Total organic carbon (TOC) is a measure of the amount of “organic” carbon in the water. This does not mean organic, like organic vegetables. It means “organic” like in organic chemistry. I.e., compounds of carbon with hydrogen, oxygen, nitrogen, sulfur, etc.
Where does it come from? It could be from vegetation rotting on the ground and leaching into the ground water which is then taken up into the municipal water supply. When I lived in Rochester, NY, the answer was always Kodak, since, no matter how hard a manufacturer may try not to have spills that seep into the water table, they do. And looking back over more than 100 years, starting at a point when there were no controls on chemical waste, there’s a lot of buildup of organics in the ground water. My son lives near a decommissioned military air station. His ground water is nothing you want to drink either with jet fuel, airplane deicer, and a lot more in the ground.
In any case, if your washers are working correctly, it probably isn’t bioburden. Or is it?
Let’s look at this problem in pieces. The first is the water coming into the facility. Unlike a lot of other contaminant tests I’ve written about in this series, total organic carbon has to be tested for at an environmental water testing lab. It’s a very inexpensive test.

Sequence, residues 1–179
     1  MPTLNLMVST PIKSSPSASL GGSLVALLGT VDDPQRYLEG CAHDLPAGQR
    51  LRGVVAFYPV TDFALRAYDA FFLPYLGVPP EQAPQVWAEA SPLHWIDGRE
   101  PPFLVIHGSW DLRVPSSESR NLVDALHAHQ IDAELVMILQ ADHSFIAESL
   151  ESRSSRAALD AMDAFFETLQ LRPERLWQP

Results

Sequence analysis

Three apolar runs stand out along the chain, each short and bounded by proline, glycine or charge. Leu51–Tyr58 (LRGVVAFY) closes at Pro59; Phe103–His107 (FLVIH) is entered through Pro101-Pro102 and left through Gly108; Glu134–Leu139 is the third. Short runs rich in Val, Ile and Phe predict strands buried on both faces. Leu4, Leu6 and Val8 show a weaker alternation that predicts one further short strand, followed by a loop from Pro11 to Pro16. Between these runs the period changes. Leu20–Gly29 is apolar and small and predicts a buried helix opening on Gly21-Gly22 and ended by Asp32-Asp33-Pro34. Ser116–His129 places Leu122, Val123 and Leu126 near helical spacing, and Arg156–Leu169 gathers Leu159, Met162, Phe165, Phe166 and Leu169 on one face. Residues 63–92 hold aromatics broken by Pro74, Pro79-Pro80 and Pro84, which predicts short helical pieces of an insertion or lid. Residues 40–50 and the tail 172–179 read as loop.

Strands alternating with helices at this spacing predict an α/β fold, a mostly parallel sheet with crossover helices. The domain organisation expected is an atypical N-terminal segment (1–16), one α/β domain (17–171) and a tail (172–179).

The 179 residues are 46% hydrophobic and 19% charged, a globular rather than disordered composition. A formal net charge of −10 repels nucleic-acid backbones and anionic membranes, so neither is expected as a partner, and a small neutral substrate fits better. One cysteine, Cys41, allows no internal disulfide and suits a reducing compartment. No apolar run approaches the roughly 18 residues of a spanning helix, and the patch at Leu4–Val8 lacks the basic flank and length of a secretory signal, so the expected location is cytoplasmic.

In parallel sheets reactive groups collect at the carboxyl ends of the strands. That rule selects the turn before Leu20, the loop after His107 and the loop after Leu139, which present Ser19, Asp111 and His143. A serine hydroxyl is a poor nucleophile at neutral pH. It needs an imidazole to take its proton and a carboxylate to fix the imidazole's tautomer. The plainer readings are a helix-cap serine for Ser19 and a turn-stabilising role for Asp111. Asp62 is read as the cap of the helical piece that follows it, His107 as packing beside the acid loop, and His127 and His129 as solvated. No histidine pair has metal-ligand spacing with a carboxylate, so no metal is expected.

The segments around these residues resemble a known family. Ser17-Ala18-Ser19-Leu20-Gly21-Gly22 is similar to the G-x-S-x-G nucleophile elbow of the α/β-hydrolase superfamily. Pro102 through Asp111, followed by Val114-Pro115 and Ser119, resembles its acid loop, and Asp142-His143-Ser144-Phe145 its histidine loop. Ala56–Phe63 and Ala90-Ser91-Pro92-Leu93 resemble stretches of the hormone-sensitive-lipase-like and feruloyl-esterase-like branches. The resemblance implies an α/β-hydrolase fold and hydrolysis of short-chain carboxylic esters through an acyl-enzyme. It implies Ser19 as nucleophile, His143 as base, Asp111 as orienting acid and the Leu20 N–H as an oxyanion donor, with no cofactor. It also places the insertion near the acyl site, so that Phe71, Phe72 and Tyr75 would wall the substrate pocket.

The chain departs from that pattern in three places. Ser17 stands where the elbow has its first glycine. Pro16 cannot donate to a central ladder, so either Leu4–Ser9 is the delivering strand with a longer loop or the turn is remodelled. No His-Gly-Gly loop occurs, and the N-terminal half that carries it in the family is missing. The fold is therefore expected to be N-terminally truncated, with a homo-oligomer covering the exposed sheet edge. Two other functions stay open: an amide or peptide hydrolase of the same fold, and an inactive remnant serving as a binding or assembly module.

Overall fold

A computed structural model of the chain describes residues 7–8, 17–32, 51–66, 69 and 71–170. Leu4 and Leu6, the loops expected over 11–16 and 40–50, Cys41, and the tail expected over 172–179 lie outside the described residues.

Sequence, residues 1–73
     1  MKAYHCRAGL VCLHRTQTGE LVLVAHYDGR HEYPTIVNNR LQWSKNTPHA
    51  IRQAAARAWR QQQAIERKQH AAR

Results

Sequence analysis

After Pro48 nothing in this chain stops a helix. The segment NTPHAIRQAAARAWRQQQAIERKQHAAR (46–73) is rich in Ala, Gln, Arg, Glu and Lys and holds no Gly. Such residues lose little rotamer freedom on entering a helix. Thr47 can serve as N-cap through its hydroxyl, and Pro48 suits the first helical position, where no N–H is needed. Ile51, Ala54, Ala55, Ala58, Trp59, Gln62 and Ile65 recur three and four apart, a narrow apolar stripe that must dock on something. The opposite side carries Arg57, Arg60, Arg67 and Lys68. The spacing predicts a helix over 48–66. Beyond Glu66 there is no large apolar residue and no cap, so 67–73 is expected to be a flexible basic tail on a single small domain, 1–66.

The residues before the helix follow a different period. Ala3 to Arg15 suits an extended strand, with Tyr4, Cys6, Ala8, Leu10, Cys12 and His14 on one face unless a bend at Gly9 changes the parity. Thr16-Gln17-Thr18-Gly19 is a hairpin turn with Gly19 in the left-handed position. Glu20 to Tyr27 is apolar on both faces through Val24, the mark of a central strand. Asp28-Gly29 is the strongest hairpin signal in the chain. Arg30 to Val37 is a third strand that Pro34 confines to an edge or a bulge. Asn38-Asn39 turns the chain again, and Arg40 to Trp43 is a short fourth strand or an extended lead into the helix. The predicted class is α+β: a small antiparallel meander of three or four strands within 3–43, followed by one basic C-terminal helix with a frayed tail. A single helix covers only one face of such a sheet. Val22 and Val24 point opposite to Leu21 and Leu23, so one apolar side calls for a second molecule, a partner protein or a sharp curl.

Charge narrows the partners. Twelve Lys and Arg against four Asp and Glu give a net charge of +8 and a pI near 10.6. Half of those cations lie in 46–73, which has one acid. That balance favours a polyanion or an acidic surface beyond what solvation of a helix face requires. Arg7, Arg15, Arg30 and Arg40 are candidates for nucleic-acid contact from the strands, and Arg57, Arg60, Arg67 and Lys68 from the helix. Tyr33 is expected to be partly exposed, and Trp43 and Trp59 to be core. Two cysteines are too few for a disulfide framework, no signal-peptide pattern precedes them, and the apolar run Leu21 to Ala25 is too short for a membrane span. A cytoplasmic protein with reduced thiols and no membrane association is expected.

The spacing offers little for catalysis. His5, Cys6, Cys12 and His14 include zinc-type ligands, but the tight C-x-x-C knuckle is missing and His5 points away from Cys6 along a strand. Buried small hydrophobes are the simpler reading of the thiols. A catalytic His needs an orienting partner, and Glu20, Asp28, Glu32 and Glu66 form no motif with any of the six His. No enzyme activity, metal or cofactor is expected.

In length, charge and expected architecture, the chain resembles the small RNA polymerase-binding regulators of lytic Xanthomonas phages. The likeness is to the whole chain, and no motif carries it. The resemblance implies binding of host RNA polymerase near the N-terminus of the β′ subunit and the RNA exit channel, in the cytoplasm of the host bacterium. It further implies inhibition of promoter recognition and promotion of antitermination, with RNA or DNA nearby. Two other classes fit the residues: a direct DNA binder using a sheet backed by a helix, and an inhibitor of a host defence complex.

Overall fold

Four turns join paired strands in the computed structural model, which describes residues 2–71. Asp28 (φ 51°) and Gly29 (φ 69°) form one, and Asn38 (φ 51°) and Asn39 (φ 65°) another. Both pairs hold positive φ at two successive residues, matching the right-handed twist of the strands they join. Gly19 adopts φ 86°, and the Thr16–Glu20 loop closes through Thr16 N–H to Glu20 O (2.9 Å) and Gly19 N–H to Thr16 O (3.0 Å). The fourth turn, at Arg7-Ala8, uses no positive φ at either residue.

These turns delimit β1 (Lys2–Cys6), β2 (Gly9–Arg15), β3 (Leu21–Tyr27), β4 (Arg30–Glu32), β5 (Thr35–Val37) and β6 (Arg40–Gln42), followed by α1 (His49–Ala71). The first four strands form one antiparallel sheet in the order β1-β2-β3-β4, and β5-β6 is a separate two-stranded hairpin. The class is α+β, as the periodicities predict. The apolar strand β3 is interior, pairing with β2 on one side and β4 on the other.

If the result is 2 or less ppm, you don’t have a problem. The EPA secondary drinking water standards limit TOC to 1 PPM. This condition is not met in a lot of the country, but it isn’t that much of a big deal. If it were, there would have been legislation years ago to make the regulation tighter.
But you don’t want slime on your instruments after washing. To decrease the amount of TOC in utility water, activated carbon filters are the answer. But they don’t survive hot water, so you have to filter the cold water and have a dedicated heater for SPD.
Another source of TOC is, oddly enough, enzyme detergent residuals. If detergent isn’t completely rinsed off the instruments before thermal disinfection and drying, or steam sterilization, a film of “toasted” enzymes will form on the instrument, turning shiny stainless-steel instruments gray. I did a study for a client and found the TOC levels for instruments that had been heated in oxygen to drive the carbon off as measurable carbon dioxide and the old, gray instruments had twice the level of carbon on them as new instruments. This is why it is critical to do a critical water rinse (and a utility water prerinse before the final, critical water disinfection rinse) to get the detergent off the instruments. If you can see suds in the disinfection rinse through the windows, the critical water is working too hard, and you need a utility water prerinse before it.
Does residual, cooked enzyme detergent qualify as bioburden? Well, it isn’t patient soil. But it still is something that shouldn’t be in the next patient. In any case, I hope this helps on this topic. See you next month.